Dr Nick Evans on His New Role Within the IMS
IMS Lecturer Nick Evans talks about his new role within the IMS, his research interests and the importance of teaching and researching global history.
What does your role involve?
“As Teaching Fellow in Medieval History, I teach undergraduates and postgraduates across the School of History. This includes teaching on the School of History's brand new Level One modules and a Level Two module on Medieval Romans (often referred to as 'Byzantines' - we talk about why the name matters!). I also teach a Level Three module Mapping the Middle Ages: Space and Representation from the Pacific to the Atlantic and will be contributing to teaching on MA Social and Cultural History.”
Why is global history important?
“At its most exciting, global history can expand our sense of the possible ways of arranging our lives and our societies. We are well aware of the current challenges that face us on a planetary scale, and the ways that economic and ecological systems connect us all. However, we often think in ways that are constrained by the borders of nation states. Studying global pre-modern history gives us an opportunity to see how societies were organised, and connected, before capitalism or the nation state. Tracing connections and making comparisons also helps us ask new questions about the sources we have for the parts of the world we study.”
“Like so many medieval historians, I've been coming to the University of Leeds for the International Medieval Congress for years. It's a real privilege now to be on the inside at the Institute of Medieval Studies!”
What attracted you to work here at the University of Leeds Institute for Medieval Studies?
“Like so many medieval historians, I've been coming to the University of Leeds for the International Medieval Congress for years. It's a real privilege now to be on the inside at the Institute of Medieval Studies! It's also exciting to be involved in teaching the new first year modules, which put into practice the kind of decolonised, global curriculum that we have all been talking about for some time. I had also heard that the School of History is an especially friendly place to work: I've not been disappointed.”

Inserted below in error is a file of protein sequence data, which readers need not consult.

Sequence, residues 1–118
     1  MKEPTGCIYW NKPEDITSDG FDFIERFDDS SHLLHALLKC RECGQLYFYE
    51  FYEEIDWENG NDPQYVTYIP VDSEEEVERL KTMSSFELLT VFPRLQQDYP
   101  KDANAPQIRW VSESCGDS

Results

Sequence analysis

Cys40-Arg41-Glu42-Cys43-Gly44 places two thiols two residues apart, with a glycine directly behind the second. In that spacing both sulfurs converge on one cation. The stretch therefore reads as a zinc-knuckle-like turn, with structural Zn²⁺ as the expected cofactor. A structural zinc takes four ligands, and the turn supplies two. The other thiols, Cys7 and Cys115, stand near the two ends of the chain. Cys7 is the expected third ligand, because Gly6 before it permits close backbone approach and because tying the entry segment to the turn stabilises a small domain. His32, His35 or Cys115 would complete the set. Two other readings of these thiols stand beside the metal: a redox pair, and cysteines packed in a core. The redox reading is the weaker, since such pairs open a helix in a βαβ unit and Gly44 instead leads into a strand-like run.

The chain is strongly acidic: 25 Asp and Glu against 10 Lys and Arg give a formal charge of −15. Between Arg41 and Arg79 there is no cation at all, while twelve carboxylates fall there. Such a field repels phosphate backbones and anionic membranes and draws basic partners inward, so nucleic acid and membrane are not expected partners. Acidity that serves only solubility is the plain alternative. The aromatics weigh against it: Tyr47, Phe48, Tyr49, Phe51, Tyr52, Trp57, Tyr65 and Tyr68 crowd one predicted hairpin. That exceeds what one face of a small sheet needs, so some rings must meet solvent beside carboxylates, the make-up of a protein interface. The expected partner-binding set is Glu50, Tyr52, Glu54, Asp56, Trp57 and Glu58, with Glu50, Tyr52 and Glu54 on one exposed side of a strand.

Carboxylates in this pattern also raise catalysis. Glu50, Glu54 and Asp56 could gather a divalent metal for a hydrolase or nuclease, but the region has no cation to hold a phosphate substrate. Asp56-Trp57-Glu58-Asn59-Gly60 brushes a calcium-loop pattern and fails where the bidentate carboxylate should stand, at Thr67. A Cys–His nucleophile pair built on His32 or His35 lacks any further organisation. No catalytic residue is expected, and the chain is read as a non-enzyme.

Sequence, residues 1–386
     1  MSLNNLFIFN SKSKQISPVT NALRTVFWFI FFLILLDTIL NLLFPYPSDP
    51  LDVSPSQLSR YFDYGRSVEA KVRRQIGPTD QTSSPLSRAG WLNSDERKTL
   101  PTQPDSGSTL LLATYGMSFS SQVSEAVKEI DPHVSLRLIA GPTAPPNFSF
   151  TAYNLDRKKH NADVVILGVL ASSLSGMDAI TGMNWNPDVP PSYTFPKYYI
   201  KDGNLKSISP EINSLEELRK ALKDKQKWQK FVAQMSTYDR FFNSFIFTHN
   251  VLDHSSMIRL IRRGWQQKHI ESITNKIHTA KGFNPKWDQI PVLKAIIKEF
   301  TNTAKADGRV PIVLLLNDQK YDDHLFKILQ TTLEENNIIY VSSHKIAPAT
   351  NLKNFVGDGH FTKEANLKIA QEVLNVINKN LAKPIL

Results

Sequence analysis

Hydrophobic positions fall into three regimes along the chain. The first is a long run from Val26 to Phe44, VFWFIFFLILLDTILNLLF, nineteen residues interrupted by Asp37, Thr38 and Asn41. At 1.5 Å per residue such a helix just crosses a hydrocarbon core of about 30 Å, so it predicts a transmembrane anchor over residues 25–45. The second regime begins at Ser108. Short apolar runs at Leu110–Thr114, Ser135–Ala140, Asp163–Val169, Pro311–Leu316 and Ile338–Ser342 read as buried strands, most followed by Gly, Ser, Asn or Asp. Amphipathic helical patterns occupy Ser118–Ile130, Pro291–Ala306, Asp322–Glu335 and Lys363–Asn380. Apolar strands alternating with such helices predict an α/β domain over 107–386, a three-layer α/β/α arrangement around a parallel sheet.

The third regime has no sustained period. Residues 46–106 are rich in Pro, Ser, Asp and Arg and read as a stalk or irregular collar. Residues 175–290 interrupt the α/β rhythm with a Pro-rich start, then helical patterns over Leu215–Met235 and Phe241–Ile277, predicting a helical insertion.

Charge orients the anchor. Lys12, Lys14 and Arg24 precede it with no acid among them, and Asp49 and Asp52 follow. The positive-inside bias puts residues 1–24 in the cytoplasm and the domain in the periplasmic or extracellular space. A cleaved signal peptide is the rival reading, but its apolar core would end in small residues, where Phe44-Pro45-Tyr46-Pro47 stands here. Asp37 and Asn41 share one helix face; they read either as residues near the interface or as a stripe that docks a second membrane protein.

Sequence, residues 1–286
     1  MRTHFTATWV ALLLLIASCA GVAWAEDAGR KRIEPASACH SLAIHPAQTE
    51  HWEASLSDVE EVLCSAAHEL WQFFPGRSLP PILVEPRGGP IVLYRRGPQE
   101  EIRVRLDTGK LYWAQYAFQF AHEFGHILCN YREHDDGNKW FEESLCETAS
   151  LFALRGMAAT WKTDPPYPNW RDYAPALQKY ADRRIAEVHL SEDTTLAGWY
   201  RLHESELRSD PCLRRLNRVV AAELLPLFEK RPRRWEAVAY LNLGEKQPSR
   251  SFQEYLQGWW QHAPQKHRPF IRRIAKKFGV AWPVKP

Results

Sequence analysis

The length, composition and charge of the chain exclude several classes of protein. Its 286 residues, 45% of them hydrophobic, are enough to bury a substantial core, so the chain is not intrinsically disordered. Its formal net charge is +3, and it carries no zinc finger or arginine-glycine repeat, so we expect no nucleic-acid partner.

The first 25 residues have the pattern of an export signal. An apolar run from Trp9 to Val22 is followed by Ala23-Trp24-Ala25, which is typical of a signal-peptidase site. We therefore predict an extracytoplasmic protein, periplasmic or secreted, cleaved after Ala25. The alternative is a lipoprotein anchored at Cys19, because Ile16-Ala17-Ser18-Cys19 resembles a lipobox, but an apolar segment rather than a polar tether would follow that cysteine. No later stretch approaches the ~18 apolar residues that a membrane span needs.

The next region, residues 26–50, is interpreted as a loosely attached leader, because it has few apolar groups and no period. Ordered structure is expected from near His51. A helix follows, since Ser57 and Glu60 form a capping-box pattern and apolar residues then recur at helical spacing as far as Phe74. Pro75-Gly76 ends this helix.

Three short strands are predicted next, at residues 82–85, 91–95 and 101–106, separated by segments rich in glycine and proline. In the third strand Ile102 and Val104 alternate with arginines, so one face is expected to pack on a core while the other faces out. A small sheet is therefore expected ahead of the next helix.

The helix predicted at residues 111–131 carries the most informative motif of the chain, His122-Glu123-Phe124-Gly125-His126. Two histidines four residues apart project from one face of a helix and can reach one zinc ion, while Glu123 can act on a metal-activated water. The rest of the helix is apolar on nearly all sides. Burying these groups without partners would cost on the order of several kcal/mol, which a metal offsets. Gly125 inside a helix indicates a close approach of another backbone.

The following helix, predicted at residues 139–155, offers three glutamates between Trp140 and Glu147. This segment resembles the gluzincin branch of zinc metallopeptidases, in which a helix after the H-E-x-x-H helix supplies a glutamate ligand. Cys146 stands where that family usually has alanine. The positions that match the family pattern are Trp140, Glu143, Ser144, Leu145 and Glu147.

Can you tell us a bit more about your previous experience and research interests?
“During my undergraduate degree, in History and Russian, I spent several months living in the North Caucasus, and became interested in the history and archaeology of the people who had lived there a thousand years earlier. These North Caucasian highlanders lived on the edge of the Byzantine Empire and the Caliphate, so to study them further, I took a Masters degree in Late Antique and Byzantine Studies, so I could tackle the Greek and Arabic sources written by their imperial neighbours. This became the subject of my doctorate, supervised by Dr Jonathan Shepard and the late Dr Mark Whittow. I then moved to Vienna, where I joined Professor Claudia Rapp's 'Moving Byzantium' project as a post-doc, before taking up a Junior Research Fellowship at Clare College in Cambridge. My research in Vienna and Cambridge looked at relations between Byzantium and the steppe world, as well as the cultural history of archaeology in the Soviet Union. For the past two years, I have been a Lecturer in Medieval History at King's College London. My current research project is on economic anthropology in the Byzantine and Islamicate worlds.”
How will your experience and research inform your new role?
“My first full-time teaching job at King's College London began in the depths of the pandemic, so it is a real pleasure to be starting this one on a full campus. Still, teaching during those times taught me useful lessons about how to make best use of online platforms alongside teaching in the lecture hall and seminar room. In my new role, I'll be drawing on my experience of teaching medieval and comparative history at King's. I'll be drawing directly on my own research across the different modules I teach on, from lecturing on the life of a medieval noblewoman from the Caucasus, to discussing new approaches to the Byzantine Empire. I'll also be drawing on my experience of outreach work to schools. When I was working in Cambridge, I gave a series of taster lectures for schools on scientific and historical approaches to the sixth-century plague. That suddenly felt horribly relevant when the pandemic broke out... I shall be careful about the topics I choose this time around!”